Very little of what makes the 160 interesting relates to the engine. The first 50 feet will tell you that this is not a powertrain built with performance in mind, and 500 continuous miles might just have you questioning the wisdom of putting it in a Seven at all.
Away from the lights, the wheezing triple feels every inch the microcar donkey and is utterly bereft of puff by 40mph in second gear. Caterham claims 0-60mph in under seven seconds, but in the wet we couldn’t crack eight seconds and are inclined to think that it wouldn’t go dramatically quicker even in ideal conditions.
Whipcrack standing-start acceleration, certainly of the kind that we’re used to sampling aboard a Seven, is clearly out. As is a congenial high-speed cruise. Force it to swallow a longer journey and it’ll blare 4000rpm at you from about 60mph in fifth. On the mile straight at MIRA, we couldn’t induce it to hit the advertised 100mph.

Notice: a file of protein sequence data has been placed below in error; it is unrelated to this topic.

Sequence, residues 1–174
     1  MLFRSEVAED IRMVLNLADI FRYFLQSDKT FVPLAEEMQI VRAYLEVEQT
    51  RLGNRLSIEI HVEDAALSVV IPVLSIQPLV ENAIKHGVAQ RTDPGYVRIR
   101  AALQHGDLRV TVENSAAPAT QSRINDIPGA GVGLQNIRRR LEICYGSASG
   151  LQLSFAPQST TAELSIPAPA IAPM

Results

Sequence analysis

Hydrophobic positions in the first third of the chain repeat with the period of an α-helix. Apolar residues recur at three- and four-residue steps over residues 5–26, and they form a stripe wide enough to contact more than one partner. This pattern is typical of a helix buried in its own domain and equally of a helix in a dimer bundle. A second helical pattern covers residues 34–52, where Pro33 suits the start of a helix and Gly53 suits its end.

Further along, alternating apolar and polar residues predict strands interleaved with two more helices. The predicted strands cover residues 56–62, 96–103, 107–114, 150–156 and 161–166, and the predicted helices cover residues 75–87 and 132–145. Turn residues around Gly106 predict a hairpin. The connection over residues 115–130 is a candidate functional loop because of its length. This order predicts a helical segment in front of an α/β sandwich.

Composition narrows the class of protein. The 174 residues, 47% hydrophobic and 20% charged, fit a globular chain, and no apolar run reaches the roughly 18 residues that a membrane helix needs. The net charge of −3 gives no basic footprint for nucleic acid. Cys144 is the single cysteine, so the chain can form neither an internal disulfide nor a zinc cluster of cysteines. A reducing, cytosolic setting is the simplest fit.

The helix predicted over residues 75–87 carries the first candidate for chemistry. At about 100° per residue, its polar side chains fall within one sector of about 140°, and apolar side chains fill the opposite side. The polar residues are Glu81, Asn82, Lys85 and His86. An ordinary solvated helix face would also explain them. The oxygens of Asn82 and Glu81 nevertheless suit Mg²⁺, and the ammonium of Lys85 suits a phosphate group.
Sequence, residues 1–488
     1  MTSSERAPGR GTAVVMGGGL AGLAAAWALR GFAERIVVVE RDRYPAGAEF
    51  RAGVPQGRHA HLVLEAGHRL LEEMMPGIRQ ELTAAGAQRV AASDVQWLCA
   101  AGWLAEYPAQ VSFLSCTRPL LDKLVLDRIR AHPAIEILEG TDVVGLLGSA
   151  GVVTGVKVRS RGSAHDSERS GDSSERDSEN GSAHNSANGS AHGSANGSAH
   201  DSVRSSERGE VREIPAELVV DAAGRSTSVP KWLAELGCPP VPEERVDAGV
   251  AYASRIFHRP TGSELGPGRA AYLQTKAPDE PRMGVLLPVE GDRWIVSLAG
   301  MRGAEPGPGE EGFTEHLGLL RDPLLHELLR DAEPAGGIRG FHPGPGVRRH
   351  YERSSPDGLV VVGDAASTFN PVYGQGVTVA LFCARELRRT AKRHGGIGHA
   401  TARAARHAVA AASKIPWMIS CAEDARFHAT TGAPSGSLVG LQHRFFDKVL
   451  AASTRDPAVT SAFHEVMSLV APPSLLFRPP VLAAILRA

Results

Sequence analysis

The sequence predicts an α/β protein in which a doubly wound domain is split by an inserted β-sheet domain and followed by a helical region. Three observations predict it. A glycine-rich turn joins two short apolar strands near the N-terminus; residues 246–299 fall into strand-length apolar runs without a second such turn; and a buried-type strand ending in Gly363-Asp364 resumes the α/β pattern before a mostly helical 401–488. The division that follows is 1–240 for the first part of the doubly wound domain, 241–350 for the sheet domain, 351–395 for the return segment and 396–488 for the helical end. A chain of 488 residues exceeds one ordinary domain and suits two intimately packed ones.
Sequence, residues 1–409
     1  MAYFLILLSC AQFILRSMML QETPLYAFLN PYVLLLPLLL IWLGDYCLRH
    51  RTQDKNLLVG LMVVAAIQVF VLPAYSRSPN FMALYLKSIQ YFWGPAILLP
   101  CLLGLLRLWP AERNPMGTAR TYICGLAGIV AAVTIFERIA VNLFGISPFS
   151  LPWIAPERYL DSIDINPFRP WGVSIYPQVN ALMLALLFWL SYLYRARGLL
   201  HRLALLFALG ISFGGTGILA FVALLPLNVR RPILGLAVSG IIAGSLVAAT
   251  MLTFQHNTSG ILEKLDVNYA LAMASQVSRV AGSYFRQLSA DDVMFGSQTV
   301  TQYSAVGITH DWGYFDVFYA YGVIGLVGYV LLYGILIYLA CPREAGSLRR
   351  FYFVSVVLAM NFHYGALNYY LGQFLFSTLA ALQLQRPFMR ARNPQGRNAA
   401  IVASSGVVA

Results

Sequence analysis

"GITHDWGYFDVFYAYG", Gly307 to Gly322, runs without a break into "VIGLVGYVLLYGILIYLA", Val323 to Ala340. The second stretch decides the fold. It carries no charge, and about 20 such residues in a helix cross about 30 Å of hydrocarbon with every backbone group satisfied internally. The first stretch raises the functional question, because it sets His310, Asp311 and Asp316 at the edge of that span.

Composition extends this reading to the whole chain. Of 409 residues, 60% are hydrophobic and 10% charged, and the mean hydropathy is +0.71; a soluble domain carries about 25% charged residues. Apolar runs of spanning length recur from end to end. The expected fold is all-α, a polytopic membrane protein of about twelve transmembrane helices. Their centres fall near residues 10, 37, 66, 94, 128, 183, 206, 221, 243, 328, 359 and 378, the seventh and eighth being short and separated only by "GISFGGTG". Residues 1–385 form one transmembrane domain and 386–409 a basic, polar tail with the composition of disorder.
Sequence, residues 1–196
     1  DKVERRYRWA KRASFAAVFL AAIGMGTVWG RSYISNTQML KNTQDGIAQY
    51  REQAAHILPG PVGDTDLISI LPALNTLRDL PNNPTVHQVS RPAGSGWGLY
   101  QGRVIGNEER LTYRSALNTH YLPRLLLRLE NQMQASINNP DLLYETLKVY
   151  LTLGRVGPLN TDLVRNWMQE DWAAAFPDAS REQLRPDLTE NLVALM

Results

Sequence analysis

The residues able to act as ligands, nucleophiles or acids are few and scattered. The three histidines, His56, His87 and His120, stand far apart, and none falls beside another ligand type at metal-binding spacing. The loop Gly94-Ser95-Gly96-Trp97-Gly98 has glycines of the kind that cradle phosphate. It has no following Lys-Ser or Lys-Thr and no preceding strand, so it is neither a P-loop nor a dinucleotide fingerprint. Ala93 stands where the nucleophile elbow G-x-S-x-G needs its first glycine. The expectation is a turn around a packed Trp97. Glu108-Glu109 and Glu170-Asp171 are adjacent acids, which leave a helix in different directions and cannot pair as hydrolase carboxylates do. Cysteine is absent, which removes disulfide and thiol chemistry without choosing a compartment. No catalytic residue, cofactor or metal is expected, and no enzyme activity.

Restrict your route to town roads and motorways and the 160 comes dangerously close to inadequacy. Where it works with you rather than seemingly against is in the Seven’s standard stomping ground: the derestricted British B-road.
Here, with space to work it into a modest trot, there is a chance to enjoy the engine’s mid-range thrum through third and fourth gears. Although it’s possible to keep sourcing energy from above 7000rpm, the Suzuki unit’s best work is done between 3000rpm and 5500rpm, where the 160’s lack of mass allows the turbocharger’s audible fizz to work up something like a head of steam.
There’s no intimidation or aggressiveness to the build-up of pace – which some will consider a deficiency in excitement – but rather a peppy and law-abiding spiritedness that utterly befits the 160’s stock character.